Taking portraits of strangers is one of the most rewarding aspects of photography for me. The process can be intimidating but that's part of its attraction. Getting outside of my comfort zone is the best way to grow, as a person, and as a photographer.
During a recent trip to LA, I had a couple hours of downtime and decided to head down to the famed Venice Beach skatepark to take photos of skateboarders. When I arrived I found a full scale photo shoot was already taking place. As a result, 3/4 of the skate park was blocked off. Despite the limited access, a small group of skaters were making the most of what remained open.
Watching them work on tricks and sharing laughs took me back to the years I spent as a teenager riding BMX. As the afternoon sun began to set, I decided that rather than try to get action shots in the limited time and space available, I would shoot portraits of some of the people I met that afternoon.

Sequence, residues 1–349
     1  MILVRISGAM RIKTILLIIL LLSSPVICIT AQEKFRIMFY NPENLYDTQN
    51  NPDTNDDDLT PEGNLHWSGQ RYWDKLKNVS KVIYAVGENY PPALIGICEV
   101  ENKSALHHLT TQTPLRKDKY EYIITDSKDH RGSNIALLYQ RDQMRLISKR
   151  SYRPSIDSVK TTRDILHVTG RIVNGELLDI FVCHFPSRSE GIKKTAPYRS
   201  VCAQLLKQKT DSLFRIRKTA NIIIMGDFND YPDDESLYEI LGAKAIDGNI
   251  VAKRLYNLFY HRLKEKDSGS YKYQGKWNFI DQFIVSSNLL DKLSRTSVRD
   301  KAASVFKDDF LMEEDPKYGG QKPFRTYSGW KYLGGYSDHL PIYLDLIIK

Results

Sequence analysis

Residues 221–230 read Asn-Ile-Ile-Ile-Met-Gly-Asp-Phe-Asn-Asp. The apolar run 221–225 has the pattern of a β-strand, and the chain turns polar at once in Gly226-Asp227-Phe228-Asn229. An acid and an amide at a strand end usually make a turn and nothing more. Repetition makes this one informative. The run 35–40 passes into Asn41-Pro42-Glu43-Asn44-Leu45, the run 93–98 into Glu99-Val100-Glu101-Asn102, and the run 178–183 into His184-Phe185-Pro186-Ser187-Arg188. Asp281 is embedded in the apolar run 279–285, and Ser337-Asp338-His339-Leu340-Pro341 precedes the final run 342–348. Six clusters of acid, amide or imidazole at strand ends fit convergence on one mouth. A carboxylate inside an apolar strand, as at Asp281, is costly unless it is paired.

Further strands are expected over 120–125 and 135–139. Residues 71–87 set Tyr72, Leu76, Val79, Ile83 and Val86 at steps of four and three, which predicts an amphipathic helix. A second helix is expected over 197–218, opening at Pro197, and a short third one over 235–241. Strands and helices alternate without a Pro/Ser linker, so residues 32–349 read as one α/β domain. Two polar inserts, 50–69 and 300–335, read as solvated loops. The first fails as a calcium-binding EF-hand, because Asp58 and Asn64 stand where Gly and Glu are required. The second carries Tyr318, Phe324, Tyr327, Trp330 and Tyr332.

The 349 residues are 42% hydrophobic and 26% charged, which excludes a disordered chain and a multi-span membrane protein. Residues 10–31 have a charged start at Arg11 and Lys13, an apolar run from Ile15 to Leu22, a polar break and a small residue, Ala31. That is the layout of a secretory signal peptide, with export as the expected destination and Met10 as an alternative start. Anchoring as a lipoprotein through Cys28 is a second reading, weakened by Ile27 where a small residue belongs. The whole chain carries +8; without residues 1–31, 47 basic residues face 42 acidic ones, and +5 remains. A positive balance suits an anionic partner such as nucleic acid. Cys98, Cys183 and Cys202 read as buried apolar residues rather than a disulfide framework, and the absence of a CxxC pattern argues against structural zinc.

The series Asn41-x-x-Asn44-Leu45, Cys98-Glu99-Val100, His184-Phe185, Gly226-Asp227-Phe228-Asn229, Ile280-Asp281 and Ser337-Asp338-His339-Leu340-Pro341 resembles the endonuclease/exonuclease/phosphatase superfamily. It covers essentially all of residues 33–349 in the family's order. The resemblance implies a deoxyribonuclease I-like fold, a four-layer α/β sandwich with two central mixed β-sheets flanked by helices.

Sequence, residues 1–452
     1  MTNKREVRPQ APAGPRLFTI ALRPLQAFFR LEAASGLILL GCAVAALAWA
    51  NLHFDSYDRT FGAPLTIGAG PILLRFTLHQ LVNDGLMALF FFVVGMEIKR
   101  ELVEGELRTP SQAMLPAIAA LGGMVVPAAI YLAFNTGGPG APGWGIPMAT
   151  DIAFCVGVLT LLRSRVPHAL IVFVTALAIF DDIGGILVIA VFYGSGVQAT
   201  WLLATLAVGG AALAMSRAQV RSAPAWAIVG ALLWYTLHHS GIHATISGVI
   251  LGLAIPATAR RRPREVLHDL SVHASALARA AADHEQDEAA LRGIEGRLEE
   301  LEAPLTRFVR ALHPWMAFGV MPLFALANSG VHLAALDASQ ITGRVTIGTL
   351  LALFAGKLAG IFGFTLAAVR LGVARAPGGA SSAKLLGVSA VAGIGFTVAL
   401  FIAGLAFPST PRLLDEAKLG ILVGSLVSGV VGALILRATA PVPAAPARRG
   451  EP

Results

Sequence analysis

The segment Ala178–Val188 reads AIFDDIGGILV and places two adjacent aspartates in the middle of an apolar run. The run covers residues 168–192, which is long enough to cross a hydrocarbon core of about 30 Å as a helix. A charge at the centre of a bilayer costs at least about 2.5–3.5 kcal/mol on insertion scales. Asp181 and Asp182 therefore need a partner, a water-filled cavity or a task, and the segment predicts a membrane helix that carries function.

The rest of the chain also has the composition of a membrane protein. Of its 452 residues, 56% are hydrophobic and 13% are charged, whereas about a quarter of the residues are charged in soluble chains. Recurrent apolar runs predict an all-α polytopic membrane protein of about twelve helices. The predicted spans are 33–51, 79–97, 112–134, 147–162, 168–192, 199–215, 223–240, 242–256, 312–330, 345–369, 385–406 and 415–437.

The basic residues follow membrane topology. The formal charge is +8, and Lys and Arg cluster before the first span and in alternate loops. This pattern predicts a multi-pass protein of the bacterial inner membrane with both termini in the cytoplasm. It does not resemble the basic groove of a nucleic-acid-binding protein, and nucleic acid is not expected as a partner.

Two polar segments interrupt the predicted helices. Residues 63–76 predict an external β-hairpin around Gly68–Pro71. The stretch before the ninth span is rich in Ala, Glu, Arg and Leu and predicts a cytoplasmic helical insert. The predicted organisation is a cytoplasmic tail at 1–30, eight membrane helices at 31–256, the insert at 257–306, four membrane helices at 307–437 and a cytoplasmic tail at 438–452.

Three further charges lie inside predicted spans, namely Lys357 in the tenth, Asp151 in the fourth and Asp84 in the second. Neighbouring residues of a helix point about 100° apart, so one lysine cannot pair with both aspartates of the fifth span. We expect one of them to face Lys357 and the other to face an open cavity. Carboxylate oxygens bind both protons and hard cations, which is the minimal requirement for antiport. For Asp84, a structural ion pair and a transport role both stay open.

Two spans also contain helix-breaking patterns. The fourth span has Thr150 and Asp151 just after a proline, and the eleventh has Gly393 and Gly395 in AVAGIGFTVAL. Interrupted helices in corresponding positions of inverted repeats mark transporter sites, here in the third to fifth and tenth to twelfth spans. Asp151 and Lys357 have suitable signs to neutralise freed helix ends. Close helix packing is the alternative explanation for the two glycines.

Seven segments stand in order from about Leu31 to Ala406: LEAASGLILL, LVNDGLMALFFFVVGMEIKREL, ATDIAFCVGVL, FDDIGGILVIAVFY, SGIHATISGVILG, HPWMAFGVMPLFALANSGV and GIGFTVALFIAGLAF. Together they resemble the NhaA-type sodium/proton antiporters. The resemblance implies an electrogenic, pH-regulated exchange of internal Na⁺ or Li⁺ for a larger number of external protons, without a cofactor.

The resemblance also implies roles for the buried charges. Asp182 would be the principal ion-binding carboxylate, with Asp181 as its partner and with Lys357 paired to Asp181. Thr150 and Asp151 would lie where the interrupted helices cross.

After snapping a few portraits, the sun began its descent into the Pacific. With just a few minutes of sunlight remaining, I saw a silhouette in the distance surrounded by seagulls. I immediately made my way towards the scene where I saw a woman feeding the gulls from a plastic bag. After she ran out of treats, I introduced myself and we talked for a few minutes as the sun finally set.
Thats the thing about a camera. It can be a tool to document the scenes that play out in front of us, when its done right it can capture something honest and memorable, but it can also be a tool for real, human connection. In the few hours that I was in Venice, I took a couple hundred photos, but what I'll remember from that day are the conversations and connections I made with a handful of strangers.